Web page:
The Parable of Caviar

John is a grocery store owner in a very small town in Maine. On the occasion of their 20th wedding anniversary, he went with Linda, his wife, to New York City for a few days. During his stay there, he went to see a major food supplier who introduced him to caviar, the most expensive food he had. Excited at the idea, John immediately placed the minimum order of 10 medium-sized jars of beluga, the highest quality for a total of $2000. When his wife learned of his purchase, she berated him for it, noting that there was very little chance anybody in their small town would pay $200 for one lousy jar of fish roe.

Actually, he replied, they will have to pay $400 because $200 is my cost, and the retail price is double that. But don’t worry, he said, you know how I send gifts at the end of each year to my top customers: there are 5 of them that will probably enjoy such an exclusive, classy and expensive gift. Plus I am dying to try this thing, so instead of taking you to an expensive New York restaurant and eat it, we can have one jar at home for a quarter of the price.

With that, Linda was convinced and a few days later, they were back in Maine and they received the shipment. Soon after, they dispatched 5 jars to their top 5 customers:

- 2 customers were very pleased as they had had it before and really appreciated the gift.

- 2 customers knew how expensive the gift was but let it be known that they would have preferred the usual basket of jams and maple syrup.

- The remaining customer had never heard of caviar, tried it, didn’t like it and fed it to his cat. When he found out how expensive it was, he became very upset and John had to offer him the usual basket of jams and maple syrup to appease him.

John and Linda took one jar home, and had it with expensive champagne. While they liked it, they both agreed it was an acquired taste that they could live without.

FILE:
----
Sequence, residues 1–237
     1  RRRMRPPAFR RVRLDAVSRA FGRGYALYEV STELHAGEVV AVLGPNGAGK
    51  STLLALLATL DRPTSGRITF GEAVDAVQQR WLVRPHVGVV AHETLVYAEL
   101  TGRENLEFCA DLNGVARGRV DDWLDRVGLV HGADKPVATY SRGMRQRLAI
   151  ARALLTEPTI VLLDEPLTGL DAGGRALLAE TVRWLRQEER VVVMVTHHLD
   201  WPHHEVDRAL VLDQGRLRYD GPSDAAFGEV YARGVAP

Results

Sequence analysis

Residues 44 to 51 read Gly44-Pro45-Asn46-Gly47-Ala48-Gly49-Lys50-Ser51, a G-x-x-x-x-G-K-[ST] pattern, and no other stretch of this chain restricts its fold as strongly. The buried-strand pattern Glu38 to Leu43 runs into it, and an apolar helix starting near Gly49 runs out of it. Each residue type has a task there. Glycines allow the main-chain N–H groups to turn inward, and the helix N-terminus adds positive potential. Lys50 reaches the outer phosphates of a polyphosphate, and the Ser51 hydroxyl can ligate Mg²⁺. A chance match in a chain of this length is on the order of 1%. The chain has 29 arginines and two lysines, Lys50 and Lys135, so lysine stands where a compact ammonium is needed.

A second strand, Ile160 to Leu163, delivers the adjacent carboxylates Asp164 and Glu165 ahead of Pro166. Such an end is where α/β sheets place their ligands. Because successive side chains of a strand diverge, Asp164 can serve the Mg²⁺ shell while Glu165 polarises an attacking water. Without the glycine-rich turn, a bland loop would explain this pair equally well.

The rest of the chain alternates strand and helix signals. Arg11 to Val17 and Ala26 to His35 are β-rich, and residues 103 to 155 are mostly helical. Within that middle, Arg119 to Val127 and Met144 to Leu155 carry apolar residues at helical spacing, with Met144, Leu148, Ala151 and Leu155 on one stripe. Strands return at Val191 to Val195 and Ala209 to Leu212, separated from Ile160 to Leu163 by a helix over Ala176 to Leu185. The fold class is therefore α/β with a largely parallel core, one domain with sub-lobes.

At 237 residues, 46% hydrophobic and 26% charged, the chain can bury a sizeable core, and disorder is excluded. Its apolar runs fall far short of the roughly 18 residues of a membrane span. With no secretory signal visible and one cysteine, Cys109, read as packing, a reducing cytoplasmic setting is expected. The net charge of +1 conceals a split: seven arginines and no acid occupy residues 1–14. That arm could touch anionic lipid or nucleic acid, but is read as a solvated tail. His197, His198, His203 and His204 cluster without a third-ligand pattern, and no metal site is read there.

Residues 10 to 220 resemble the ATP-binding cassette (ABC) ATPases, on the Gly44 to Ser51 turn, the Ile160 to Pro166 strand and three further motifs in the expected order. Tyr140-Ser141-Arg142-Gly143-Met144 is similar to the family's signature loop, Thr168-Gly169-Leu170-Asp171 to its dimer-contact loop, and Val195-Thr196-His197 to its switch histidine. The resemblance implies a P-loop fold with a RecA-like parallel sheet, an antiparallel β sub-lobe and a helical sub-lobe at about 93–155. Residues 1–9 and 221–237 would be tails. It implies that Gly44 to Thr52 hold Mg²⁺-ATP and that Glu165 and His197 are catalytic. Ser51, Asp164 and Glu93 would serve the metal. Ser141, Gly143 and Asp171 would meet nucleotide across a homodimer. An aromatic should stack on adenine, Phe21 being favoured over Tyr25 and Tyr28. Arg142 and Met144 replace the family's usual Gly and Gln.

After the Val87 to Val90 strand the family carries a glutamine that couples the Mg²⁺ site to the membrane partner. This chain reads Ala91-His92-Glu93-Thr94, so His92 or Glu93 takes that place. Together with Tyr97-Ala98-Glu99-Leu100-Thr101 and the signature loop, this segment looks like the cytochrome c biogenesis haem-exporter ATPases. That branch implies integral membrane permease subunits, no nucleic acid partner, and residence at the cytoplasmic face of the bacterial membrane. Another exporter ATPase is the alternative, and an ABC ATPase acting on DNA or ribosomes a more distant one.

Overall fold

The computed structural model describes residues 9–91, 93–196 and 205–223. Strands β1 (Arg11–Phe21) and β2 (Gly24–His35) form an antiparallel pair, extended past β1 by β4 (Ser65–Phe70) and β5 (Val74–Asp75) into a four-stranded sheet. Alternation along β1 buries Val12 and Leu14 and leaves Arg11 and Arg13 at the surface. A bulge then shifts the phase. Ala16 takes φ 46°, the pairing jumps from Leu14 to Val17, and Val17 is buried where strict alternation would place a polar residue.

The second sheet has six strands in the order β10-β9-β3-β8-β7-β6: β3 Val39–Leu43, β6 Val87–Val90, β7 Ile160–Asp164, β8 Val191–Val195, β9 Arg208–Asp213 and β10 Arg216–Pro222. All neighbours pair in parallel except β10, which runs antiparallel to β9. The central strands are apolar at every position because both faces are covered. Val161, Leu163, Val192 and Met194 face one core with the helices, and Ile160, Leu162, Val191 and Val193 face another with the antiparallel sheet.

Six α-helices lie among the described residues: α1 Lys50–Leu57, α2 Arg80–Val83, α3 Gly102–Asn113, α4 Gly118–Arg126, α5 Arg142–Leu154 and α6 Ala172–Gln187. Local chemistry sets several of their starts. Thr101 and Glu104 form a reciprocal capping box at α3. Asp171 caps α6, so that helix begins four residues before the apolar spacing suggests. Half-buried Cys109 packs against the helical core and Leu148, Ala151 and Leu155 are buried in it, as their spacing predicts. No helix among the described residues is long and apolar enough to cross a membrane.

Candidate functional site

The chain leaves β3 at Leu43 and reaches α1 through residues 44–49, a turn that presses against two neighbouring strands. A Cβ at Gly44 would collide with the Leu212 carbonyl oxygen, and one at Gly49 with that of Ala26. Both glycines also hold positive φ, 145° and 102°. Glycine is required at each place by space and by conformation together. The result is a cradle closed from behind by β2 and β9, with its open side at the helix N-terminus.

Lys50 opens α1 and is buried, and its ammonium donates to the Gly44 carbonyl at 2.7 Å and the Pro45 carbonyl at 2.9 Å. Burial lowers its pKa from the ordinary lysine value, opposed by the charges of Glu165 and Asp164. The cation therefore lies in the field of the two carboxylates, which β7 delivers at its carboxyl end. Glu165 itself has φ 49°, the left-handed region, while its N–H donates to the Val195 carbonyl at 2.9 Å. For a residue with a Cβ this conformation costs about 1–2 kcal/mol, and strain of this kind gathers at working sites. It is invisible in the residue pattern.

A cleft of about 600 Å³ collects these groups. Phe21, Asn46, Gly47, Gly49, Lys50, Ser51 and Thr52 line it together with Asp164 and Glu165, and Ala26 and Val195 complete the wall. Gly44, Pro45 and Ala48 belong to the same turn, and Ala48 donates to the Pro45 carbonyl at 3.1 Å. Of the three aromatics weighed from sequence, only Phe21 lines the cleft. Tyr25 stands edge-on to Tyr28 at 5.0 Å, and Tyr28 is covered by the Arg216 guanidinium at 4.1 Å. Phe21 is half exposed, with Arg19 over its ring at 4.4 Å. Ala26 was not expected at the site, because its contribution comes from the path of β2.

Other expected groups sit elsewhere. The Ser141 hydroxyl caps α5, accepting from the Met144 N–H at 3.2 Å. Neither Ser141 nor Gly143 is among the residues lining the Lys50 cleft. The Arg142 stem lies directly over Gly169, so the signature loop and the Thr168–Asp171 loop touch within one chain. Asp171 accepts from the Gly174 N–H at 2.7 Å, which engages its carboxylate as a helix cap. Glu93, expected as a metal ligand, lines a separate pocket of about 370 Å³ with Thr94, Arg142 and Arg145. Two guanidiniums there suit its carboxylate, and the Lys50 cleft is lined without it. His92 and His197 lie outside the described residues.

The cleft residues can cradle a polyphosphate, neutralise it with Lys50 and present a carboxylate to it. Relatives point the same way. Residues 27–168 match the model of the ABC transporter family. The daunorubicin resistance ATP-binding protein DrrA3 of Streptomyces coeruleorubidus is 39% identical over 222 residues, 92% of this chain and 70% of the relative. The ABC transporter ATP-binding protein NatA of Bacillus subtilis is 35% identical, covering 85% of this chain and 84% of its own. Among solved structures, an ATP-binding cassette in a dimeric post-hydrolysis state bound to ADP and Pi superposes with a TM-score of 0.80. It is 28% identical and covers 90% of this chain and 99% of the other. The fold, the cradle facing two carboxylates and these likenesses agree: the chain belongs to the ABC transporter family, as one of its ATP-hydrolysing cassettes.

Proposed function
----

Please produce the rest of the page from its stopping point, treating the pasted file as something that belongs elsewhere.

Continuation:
A few days later, John’s neighbor, Joe, came by and wanted to buy a jar as he couldn’t bear the thought of being one of the few people in the neighborhood who hadn’t tasted the stuff. But he wouldn’t pay full price for it, so he and John settled for $300.

After that, the remaining 3 jars stayed on the refrigerated shelf for what seemed like an eternity, until Linda noticed that their expiration date was near and told John that he had better sell them or they would become worthless.

After making calls to all his customers, John was able to sell one jar for $200 to the richest man in the village and another for $100 to a young web designer. One jar remained, and he was waiting for the expiry date to take it home and eat it.

A day before expiry, a British man on vacation in the nearby inn came by, looking for directions: he wanted to know if there was a gourmet store within 100 miles as he had just gotten a juicy job contract and just learned that his wife, who was with him, was pregnant with their first child. No gourmet store within 500 miles, replied John, but we do sell caviar here.

- No kidding, said the Brit, I can’t believe my luck. Must be something in the stars.

- Of course you’re lucky, said John; I have just one remaining jar. Give it to your inn keeper and he will prepare a full Maine gourmet meal around it.

- I’ll take it, and give me some of your best cold cuts and cheeses. I am sure the innkeeper won’t mind it if I bring all those ingredients.

- Its $500 for the caviar and my wife will show you the other stuff. Congratulations for the baby and the job!

After the Englishman was gone, John called his wife and wondered:

- Can’t believe this caviar. Some people would pay $500 for a small jar, others would not have it even for free.

- I guess it is a special food that doesn’t appeal to many people. You have to be sophisticated and have a taste for it.

My primary purpose in telling you this story is not teaching you marketing. It is to tell you that a part of each one of us is caviar. While being able to blend in with the crowd is useful, our primary purpose is to discover the caviar in us and make sure, professionally or personally, that it reaches the people who will understand it, appreciate it and, most importantly, need it.

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